Resistor series proof and the Y-Δ transform

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If you have resistors in series ---\/\/\/\/---\/\/\/\/\/--- then the equivalent resistance of this system will merely be the sum of the individual resistors in the series. But the proof of this result is based on the fundamental assumption that the currents going through the two resistors (as well as through the equivalent resistor) are identical.

In the derivations for the equations of the Y-Δ transform, as shown in the picture
300px-Wye-delta-2.svg.png
, the idea is that ## R_{c} = R_{1} + R_{2} ##. This follows from the fact that R1 and R2 are in "series", but they technically aren't since there is a branch coming out between them going to R3. They can only be in series if the current going through them is identical (this is the definition of series), but this implies that the current going through R3 is 0, which may not always be true!

So what's the deal with this? It's been bothering me for a while as virtually no one has been able to explain this. Some people have said that for the sake of circuit analysis, the branch where R3 is located is totally ignored for the sake of evaluating ##R_{c}##, but I see no justification for this.

So either something is wrong with my understanding of the Y-Δ transform or something is wrong with my understanding of how series/parallel resistors really work. Which is it and why?

BiP
 

Answers and Replies

  • #2
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In the derivations for the equations of the Y-Δ transform, as shown in the picture <snip>, the idea is that ## R_{c} = R_{1} + R_{2} ##.
I don't believe this is the idea at all. In fact [tex]R_c = {R_1R_2 + R_2R_3 + R_3R_1 \over R_3},[/tex] at least according to Wikipedia.
 
  • #3
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I don't believe this is the idea at all. In fact [tex]R_c = {R_1R_2 + R_2R_3 + R_3R_1 \over R_3},[/tex] at least according to Wikipedia.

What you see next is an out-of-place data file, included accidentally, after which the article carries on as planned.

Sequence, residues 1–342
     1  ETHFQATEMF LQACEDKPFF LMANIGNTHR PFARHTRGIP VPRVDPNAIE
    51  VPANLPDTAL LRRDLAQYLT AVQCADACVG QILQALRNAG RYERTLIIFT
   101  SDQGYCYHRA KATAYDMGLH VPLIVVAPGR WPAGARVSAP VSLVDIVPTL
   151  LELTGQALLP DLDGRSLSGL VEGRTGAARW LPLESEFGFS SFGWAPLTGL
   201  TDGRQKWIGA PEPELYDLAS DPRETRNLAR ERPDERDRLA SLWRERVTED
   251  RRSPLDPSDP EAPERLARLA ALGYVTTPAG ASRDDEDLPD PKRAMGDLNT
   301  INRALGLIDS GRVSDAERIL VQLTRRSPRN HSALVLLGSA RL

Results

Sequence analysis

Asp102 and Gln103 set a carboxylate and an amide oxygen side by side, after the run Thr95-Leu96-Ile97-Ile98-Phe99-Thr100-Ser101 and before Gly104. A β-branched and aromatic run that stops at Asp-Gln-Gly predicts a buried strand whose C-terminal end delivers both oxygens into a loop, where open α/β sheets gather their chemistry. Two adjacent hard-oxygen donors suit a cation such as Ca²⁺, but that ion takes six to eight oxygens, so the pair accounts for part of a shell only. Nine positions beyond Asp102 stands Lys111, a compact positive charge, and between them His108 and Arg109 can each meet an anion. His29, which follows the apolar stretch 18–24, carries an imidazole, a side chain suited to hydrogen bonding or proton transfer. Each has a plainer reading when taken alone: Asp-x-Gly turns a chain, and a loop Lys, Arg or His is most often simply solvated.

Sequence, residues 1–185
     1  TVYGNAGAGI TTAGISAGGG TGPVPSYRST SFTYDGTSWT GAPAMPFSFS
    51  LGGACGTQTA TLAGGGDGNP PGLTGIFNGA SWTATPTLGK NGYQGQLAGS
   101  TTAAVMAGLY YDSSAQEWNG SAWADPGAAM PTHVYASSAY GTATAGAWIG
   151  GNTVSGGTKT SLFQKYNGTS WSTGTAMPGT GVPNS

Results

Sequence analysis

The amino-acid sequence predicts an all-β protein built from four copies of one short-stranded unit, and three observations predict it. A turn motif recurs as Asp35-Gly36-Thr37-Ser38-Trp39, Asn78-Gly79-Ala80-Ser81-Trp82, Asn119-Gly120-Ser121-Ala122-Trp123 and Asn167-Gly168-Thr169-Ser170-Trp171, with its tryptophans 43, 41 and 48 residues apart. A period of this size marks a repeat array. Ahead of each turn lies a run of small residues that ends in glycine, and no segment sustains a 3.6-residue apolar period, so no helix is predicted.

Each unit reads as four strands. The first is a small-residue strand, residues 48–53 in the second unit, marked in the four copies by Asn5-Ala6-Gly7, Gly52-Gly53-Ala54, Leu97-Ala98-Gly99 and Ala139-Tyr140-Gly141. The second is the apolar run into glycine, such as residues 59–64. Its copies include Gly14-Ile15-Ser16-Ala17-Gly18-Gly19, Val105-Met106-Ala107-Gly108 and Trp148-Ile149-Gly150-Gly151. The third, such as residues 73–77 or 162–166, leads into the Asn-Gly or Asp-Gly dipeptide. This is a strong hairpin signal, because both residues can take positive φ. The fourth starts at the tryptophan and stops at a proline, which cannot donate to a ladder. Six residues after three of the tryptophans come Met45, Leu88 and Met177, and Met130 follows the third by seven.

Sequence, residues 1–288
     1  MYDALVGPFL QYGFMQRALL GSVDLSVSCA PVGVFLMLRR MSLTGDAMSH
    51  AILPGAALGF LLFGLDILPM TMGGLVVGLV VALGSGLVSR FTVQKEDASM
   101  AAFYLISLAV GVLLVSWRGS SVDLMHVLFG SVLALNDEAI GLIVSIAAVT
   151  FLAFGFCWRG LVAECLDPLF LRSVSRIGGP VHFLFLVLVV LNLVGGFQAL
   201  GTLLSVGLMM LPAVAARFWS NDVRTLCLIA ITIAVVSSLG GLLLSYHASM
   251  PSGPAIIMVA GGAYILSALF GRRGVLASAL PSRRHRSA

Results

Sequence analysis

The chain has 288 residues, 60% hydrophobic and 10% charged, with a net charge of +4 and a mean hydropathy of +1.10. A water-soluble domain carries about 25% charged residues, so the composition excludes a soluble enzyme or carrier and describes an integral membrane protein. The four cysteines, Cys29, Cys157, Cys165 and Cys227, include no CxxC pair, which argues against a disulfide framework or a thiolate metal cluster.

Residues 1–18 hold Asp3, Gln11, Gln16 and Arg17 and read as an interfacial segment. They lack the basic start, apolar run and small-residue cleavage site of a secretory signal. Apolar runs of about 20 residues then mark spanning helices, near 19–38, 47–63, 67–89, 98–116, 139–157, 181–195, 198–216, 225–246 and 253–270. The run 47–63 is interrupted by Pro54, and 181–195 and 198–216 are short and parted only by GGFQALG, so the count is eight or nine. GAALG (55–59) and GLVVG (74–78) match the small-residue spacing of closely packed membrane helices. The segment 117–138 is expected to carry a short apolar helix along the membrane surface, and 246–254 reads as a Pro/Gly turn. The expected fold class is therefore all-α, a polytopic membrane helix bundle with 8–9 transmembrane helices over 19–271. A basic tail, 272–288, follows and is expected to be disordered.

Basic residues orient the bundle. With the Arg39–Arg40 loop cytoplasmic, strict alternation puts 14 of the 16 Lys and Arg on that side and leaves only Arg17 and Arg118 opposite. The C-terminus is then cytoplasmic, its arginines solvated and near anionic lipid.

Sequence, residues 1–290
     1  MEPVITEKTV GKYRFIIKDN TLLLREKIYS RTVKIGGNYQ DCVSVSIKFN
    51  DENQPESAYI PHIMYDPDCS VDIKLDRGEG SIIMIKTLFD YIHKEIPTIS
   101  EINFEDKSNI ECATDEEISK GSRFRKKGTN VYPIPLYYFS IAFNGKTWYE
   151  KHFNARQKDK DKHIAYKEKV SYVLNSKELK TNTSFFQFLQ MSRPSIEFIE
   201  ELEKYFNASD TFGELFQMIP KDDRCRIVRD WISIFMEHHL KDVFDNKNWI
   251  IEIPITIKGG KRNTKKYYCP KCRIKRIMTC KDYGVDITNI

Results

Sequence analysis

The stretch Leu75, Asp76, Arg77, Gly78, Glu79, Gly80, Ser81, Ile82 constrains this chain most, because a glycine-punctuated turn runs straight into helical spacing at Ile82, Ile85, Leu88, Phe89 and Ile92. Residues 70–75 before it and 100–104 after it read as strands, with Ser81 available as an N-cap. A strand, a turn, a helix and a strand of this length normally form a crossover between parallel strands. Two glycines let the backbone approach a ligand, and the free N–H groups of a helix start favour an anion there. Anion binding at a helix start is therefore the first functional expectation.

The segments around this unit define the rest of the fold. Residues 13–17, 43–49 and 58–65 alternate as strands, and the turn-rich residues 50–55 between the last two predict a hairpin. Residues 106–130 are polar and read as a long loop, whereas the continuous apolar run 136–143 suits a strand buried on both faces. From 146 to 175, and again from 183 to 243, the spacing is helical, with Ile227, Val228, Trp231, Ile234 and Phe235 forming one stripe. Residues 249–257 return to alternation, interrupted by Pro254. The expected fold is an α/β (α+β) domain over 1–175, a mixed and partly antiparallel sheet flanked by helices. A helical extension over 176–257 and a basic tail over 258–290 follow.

Well, how do you prove it, without making the assumption I described above (ignoring the third resistor while analyzing the other two when analyzing any pair of terminals) ?

BiP
 
  • #4
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Bipolarity said:
Well, how do you prove it, without making the assumption I described above (ignoring the third resistor while analyzing the other two when analyzing any pair of terminals) ?
If you read a bit further in the wikipedia article about it

Wikipedia said:
The equivalence lies in the statement that for any external voltages (V_1, V_2 and V_3) applying at the three nodes (N_1, N_2 and N_3), the corresponding currents (I_1, I_2 and I_3) are exactly the same for both the Y and Δ circuit, and vice versa
Finding the currents from the node voltages is simple for the delta form. For the Y form you need to set an unknown voltage at the middle node and use kirchhofs current law for the currents going in and out of that node.
 
  • #5
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Put each terminal ##N_i## at some potential ##V_i##. What are the currents?

In the delta, I'm going to call the current from ##N_i## to ##N_j## (and then back through the exterior circuit) ##I_{ij}##. Of course there is no current circling around the middle of the delta (as there is no net voltage difference). Then I get the following equations from Kirchoff's laws:[tex]\begin{align*}
I_{12}R_c &= V_1 - V_2 \\
I_{23}R_a &= V_2 - V_3 \\
I_{31}R_b &= V_3 - V_1
\end{align*}[/tex]In the Y, I'm going to give the currents the same names, but this time we get different equations:
[tex]\begin{align*}
(I_{12} - I_{31})R_1 + (I_{12} - I_{23})R_2 &= V_1 - V_2 \\
(I_{23} - I_{12})R_2 + (I_{23} - I_{31})R_3 &= V_2 - V_3 \\
(I_{31} - I_{23})R_3 + (I_{31} - I_{12})R_1 &= V_3 - V_1
\end{align*}[/tex]
If the two circuits are to be equivalent, we must have the same currents for the same voltages. So we get the equations
[tex]\begin{align*}
I_{12}R_c &= (I_{12} - I_{31})R_1 + (I_{12} - I_{23})R_2 \\
I_{23}R_a &= (I_{23} - I_{12})R_2 + (I_{23} - I_{31})R_3 \\
I_{31}R_b &= (I_{31} - I_{23})R_3 + (I_{31} - I_{12})R_1
\end{align*}[/tex]Now, we can solve these equations for ##R_i## and ##I_{ij}## in terms of the other variables (using a computer algebra system, preferably). We will get formulas for the resistances, but they will depend on ##V_1, V_2, V_3## and there will be a free variable. (That is, if you're allowed to pick the voltage in advance, there are lots of Y networks that are equivalent to a given delta, for that particular voltage. But we want one that works for every voltage.

For simplicity, let ##V_1 - V_2 = V## and ##V_2 - V_3 = W##. We can get rid of the dependency on the voltage by adding a condition like ##{dR_2 \over d_V} = 0##. If you do this you will immediately find that this requires us to have some equation like ##R_1 = {R_bR_c \over R_a + R_b + R_c}##, and the rest of the equations immediately fall out from there, so that is the way to make constant resistances work, as we expected.

Nothing about series or parallel required, and we even avoided the superposition principle.
 

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